Hijacking Internet Traffic not covered by the anti-theft 2015 Xi-Obama Agreement Surprisingly, the voluntary 2015 Xi-Obama agreement stopping military forces from hacking commercial enterprises for economic gain did appear to dramatically reduce Chinese theft efforts against western targets. China’s technological development process, however, was still dependent on massive expropriation of foreign R&D.
This necessitated new ways to get information while still technically adhering to the agreement. Since the agreement only covered military activities, Chinese corporate state champions could be tasked with taking up the slack. But even Chinese multinationals, such as Huawei or ZTE, were already being viewed with suspicion. Instead data suggests the government opted to leverage a seemingly innocuous player – one that is normally viewed as a passive service provider – to target the foundational infrastructure of the internet to bypass the agreement, avoid detection, and provide the necessary access to information.
Enter China Telecom3 – a large state champion telecommunications company – as an option. While the 2015 agreement prohibited direct attacks on computer networks, it did nothing to prevent the hijacking of the vital internet backbone of western countries.
Conveniently, China Telecom has ten strategically placed, Chinese controlled internet ‘points of presence’4 (PoPs) across the internet backbone of North America. Vast rewards can be reaped from the hijacking, diverting, and then copying of information-rich traffic going into or crossing the United States and Canada – often unnoticed and then delivered with only small delays.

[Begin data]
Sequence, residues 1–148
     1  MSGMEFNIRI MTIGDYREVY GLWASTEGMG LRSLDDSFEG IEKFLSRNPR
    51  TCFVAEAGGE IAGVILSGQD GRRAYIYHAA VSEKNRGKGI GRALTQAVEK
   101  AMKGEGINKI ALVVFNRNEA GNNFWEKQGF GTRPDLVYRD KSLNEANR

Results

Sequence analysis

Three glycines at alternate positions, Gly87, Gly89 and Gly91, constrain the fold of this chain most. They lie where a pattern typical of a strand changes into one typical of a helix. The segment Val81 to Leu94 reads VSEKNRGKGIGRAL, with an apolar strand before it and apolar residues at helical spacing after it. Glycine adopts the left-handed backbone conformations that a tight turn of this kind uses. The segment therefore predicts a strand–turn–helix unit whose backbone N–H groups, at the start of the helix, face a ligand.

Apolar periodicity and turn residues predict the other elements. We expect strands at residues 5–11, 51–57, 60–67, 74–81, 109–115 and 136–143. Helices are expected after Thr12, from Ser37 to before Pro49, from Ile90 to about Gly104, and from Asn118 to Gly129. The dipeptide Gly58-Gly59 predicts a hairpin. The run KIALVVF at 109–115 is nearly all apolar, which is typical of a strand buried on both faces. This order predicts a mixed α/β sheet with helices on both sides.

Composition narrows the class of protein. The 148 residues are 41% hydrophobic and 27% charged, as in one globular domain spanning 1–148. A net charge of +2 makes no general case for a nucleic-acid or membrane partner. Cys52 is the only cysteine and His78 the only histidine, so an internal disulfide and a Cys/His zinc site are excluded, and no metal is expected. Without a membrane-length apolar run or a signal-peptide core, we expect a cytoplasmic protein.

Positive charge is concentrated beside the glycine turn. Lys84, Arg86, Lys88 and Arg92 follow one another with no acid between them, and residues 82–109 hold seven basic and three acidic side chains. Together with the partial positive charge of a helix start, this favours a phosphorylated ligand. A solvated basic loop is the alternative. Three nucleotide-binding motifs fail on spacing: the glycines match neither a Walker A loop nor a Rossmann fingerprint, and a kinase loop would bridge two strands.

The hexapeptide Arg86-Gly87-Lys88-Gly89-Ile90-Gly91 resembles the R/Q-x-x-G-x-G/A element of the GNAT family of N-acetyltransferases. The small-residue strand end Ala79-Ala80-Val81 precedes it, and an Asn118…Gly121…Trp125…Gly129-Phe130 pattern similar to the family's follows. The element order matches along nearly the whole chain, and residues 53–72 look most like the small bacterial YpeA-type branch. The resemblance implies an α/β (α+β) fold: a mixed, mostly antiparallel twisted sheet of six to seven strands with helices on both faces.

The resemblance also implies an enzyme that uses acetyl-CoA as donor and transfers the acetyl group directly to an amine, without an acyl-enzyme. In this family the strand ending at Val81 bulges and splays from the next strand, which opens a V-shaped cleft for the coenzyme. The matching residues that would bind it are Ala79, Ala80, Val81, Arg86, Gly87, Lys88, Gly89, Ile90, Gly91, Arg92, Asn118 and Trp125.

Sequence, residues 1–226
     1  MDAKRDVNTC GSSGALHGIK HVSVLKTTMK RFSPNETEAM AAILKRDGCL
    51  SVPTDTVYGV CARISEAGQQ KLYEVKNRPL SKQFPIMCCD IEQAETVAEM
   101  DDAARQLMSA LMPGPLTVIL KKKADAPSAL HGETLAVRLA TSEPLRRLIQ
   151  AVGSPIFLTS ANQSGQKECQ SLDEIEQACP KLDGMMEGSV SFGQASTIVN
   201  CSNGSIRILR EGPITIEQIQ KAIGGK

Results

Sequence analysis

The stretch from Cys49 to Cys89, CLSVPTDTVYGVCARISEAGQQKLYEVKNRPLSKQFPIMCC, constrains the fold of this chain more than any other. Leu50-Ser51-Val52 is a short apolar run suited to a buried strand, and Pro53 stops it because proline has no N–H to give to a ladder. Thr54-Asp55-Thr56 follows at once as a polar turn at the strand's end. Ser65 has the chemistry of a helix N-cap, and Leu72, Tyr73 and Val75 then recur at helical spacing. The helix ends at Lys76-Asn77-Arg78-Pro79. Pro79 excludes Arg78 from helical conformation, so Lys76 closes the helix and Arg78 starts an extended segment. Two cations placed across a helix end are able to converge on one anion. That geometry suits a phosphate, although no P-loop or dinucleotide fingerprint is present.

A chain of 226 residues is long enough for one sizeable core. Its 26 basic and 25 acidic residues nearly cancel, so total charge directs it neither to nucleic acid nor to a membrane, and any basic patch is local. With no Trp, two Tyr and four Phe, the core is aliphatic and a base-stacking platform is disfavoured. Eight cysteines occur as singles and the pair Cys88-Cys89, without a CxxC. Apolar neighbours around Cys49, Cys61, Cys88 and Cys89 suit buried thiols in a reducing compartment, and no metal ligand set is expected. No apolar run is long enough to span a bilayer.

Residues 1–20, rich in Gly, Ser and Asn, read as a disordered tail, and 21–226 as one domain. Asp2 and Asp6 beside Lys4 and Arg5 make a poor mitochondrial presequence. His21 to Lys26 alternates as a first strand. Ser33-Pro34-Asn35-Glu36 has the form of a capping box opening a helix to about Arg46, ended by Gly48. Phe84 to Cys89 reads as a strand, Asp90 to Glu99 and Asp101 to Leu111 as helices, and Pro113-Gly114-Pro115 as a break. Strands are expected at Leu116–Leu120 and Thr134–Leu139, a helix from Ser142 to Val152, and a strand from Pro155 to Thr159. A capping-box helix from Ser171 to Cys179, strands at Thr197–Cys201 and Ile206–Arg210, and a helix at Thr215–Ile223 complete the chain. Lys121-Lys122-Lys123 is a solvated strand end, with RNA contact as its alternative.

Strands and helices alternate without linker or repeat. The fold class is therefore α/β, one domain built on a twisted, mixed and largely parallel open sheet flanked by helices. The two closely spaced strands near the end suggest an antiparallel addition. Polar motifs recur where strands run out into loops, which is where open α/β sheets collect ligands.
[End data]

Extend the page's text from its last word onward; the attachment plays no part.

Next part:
This essay will show how this hijacking works, and how China Telecom seems to employ its distributed points of presence (PoPs) in western democracies’ telecommunications systems to selectively redirect internet traffic through China. It will show the observed routing paths, give a summary of how one hijacks parts of the internet by inserting these nodes, and outline the major security implications.
These Chinese PoPs are found all over the world including Europe and Asia. The prevalence of – and demonstrated ease with which – one can simply redirect and copy data by controlling key transit nodes buried in a nation’s infrastructure requires an urgent policy response. To that end, we recommend an ‘Access Reciprocity’ strategy for vulnerable democracies – one that is
We at Adept Technologies recommend that all Cyber Professionals read this paper.
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